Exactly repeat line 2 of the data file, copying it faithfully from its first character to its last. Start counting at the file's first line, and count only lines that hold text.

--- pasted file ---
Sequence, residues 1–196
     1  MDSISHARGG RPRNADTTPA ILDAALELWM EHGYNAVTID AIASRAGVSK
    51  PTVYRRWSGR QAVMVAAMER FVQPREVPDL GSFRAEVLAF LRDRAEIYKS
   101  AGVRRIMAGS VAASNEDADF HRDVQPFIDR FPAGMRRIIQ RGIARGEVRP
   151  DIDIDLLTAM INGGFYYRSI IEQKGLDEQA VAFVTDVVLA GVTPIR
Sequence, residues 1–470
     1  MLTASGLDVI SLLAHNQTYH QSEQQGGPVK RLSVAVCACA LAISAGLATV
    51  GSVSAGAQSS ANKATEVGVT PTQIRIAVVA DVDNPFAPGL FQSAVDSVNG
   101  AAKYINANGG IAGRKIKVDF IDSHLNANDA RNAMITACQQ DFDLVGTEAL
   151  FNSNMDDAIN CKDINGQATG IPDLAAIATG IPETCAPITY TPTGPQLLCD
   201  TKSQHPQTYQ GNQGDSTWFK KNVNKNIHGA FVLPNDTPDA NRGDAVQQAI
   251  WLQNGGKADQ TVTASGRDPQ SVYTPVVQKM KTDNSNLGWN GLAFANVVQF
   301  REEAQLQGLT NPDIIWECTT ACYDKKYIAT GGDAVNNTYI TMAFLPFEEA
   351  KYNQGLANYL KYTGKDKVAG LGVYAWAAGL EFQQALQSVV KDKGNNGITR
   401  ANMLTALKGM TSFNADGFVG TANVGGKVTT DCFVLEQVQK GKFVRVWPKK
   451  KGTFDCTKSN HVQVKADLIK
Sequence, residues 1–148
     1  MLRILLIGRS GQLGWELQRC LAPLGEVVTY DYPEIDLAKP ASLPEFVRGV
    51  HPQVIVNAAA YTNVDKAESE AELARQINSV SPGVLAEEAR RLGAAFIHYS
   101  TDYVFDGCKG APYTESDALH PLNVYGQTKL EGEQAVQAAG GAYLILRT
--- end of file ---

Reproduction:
     1  MDSISHARGG RPRNADTTPA ILDAALELWM EHGYNAVTID AIASRAGVSK